Almost all children get cavities. And when it happens, chances are it occurs in teeth at the back of the mouth. These molars are the strong teeth that we use to chew food. They have tiny grooves called pits and fissures, which make them more effective for grinding food. Unfortunately, small particles of what we eat can often get trapped in these tiny grooves, which is why it’s more common to form cavities in our molars.

Fortunately, there are some ways to prevent tooth decay from forming. In addition to helping your child to engage in a daily oral hygiene routine, your dentist can apply what’s called a dental sealant to your child’s teeth. A sealant is simply a very thin layer of plastic designed to protect the teeth – particularly the molars – from collecting food particles that can form bacteria and lead to tooth decay. The sealant also creates a smooth surface on the molar, which makes it easier to clean these teeth. Sealants can be especially helpful for children who are cavity-prone.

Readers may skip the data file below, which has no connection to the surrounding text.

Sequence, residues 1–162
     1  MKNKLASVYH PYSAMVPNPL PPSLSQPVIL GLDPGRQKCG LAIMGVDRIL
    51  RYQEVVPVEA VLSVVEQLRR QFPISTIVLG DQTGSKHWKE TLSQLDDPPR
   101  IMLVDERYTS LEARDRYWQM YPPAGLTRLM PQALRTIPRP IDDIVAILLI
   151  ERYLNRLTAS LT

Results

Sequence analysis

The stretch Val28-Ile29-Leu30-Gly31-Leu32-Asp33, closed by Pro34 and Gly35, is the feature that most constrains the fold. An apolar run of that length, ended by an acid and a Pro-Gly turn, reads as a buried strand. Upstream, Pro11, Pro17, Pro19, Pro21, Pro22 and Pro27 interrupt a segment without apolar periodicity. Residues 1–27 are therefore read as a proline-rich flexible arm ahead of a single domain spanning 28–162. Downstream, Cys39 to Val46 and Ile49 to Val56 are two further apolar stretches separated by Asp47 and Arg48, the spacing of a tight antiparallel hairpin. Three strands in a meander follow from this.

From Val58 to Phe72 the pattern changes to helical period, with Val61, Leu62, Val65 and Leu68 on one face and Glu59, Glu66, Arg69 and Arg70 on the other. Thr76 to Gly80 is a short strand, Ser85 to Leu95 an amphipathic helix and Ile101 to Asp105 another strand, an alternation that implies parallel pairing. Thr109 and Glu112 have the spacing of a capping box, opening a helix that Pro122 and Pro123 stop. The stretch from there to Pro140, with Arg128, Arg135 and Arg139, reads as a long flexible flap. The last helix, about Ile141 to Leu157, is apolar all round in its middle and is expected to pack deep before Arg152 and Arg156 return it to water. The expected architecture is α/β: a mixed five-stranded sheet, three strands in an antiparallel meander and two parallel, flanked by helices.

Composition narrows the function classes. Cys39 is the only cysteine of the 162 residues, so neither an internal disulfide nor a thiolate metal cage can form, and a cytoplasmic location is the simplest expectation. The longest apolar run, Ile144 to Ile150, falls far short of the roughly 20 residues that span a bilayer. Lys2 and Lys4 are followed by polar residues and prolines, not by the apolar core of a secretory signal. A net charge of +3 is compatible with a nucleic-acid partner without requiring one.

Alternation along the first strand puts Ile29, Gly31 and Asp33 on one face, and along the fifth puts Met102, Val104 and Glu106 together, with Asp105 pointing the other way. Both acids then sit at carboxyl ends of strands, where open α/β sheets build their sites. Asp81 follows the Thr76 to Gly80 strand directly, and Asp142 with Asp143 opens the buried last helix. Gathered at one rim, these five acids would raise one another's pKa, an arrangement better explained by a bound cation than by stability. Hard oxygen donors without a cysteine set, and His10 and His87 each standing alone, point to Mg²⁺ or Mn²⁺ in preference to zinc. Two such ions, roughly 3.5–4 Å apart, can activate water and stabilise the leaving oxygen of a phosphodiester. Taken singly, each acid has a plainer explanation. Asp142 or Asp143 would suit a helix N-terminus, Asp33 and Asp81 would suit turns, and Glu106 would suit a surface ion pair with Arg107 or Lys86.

Sealants can even be used on baby teeth. In fact, dentists often recommend using sealants for baby molars since the plastic layer helps to protect these teeth and keep them intact until the child’s permanent molars erupt. Sealants often last as long as 10 years, and can be repaired if the material becomes damaged. Although molars are commonly sealed since they are more apt to develop cavities, any of your child’s teeth can be sealed for added protection.

Ask your dentist if a dental sealant is the right choice for your child. Many dentists recommend that sealants be applied as soon as a child’s baby molars erupt. If you choose to have this done for your child, you may end up preventing him or her from needing fillings later on to repair the tooth decay that can so easily occur on baby teeth.

Sealants are, of course, only one of many steps you and your child should be taking to ensure their good oral health. In addition to helping and/or encouraging your child to brush twice a day with an enamel-building toothpaste, you should ask your dentist to help teach your child how to floss so they can add this to their oral hygiene routine every day. As a parent, you can also do your part by making sure that your child doesn’t eat too much sugar, and by taking him or her into the dentist for regular checkups and professional cleanings. The combination of all these steps, in addition to dental sealants, will give your child a head start on a lifetime of healthy teeth and gums.

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